The books contain art, poetry, infographics and fiction, collectively providing information on both the natural history and biology of each of the titular species. Four volumes have been published so far—Carcharhinus obscurus (dusky shark; 2013), Carcharias taurus (sand tiger shark; 2013), Carcharhinus plumbeus (sandbar shark; 2014), and Carcharhinus leucas (bull shark; 2014). Two more—Mustelus canis (dusky smooth-hound) and Squalus acanthias (spiny dogfish)—are due out later this year. Each of the books is approximately 50 pages long, and much of the text is printed in fairly large font; as a result, you could easily page through each installment within a half-hour.
However, you could just as easily take twice that long if you sit and admire the colorful illustrations, ponder the imagery in the poems, or pause to work out the keyword cypher included midway through each book. You might even take longer if the tidbits spark your curiosity and inspire you to look up further details— perhaps to better understand intrauterine cannibalism, discussed in Carcharias taurus, or maybe to learn the other three sharks included in the “Fatal Four” mentioned in Carcharhinus leucas.
This kind of active engagement with the material is exactly what Dr Jaws—otherwise known as Zachary Webb Nicholls—has in mind; in the foreword to each volume, he encourages readers to do additional exploring outside the pages of the book, and promises that there is a wealth of information available to satisfy the appetite of any budding shark-lover. That information isn’t included in these volumes because they are intended to act more as an introduction—one aimed primarily at a younger audience.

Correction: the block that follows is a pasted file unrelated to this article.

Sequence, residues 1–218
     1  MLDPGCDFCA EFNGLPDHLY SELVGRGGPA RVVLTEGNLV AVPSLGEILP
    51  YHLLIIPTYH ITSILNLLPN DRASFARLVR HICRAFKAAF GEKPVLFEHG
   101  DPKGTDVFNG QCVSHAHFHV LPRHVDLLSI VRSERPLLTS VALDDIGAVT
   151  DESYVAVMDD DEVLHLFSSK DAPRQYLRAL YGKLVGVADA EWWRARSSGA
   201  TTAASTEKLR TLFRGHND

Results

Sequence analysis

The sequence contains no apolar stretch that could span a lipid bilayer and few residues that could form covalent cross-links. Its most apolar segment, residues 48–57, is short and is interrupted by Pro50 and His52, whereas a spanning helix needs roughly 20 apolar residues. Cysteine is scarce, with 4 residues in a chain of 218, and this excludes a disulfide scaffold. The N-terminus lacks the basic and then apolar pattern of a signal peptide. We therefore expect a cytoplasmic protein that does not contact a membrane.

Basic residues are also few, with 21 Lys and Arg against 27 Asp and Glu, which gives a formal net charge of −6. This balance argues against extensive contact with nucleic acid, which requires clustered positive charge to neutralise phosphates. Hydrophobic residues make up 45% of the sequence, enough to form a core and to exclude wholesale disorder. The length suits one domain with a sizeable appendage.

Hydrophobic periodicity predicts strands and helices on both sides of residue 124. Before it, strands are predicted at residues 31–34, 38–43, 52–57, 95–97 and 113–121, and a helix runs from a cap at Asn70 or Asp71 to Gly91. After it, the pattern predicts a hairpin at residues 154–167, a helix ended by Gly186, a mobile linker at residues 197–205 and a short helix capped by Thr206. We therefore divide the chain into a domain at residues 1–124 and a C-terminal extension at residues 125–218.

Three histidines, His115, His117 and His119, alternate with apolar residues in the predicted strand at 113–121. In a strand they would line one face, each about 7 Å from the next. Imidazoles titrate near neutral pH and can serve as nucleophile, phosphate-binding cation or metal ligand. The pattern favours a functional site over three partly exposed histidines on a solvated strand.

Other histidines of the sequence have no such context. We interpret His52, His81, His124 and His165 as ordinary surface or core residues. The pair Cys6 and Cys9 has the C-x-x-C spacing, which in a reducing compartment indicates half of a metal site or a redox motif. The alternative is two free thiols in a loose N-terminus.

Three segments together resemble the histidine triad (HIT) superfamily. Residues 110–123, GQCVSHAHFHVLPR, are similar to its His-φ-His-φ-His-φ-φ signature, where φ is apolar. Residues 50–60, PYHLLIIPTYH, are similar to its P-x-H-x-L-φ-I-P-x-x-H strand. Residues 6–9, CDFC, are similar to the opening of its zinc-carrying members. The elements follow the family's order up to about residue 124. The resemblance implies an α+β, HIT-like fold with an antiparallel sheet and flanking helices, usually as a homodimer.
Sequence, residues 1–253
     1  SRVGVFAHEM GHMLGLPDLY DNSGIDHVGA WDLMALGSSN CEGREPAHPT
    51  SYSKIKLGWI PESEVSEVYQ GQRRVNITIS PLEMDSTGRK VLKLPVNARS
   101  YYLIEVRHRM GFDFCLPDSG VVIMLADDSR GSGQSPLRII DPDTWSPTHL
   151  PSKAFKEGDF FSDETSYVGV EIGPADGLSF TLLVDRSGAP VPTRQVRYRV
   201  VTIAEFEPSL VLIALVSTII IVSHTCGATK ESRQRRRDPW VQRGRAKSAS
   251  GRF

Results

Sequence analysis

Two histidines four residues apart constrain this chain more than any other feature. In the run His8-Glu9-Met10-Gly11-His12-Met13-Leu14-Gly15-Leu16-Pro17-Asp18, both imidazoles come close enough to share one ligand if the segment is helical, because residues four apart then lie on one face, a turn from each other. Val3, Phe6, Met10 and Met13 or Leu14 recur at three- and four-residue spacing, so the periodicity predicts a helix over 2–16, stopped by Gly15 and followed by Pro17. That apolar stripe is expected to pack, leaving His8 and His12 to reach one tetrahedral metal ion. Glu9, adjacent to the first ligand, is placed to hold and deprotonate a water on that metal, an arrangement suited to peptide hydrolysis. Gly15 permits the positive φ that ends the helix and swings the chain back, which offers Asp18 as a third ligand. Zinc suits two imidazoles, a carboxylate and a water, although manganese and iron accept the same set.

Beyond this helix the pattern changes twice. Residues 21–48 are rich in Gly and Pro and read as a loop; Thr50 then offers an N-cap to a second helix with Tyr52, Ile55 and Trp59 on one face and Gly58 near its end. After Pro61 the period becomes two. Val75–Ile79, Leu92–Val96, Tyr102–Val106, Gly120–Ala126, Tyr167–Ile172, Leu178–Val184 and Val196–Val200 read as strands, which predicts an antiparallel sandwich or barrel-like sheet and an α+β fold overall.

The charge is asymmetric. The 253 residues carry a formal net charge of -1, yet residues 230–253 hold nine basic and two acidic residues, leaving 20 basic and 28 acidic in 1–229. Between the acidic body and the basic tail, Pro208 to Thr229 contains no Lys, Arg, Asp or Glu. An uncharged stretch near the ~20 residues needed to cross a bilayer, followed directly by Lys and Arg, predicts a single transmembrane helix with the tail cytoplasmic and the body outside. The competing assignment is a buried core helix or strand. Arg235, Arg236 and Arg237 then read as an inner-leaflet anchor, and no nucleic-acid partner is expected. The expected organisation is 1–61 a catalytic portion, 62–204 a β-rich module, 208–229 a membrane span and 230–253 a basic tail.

However, while Nicholls recommends the books for secondary school pupils, they could easily appeal to more mature readers in the same way that Finding Nemo is pleasant for both parents and their children. Some may find the mixture of art and science unconventional and unexpected, but the aesthetic appeal of the books is undeniable, and the author’s obvious appreciation for the focal species is infectious. Each volume ends with a call to “respect the seas and all who call them home.” Readers will surely be inclined to do so after reading Nicholls’ unique and thoughtful books, which make it clear that sharks are much more than merely a pair of jaws bristling with teeth.
Caitlin Kight is an editor, writer and educator affiliated with the University of Exeter’s Penryn Campus, email@example.com, http://www. caitlinkight.com.
Image credit: Caitlin Kight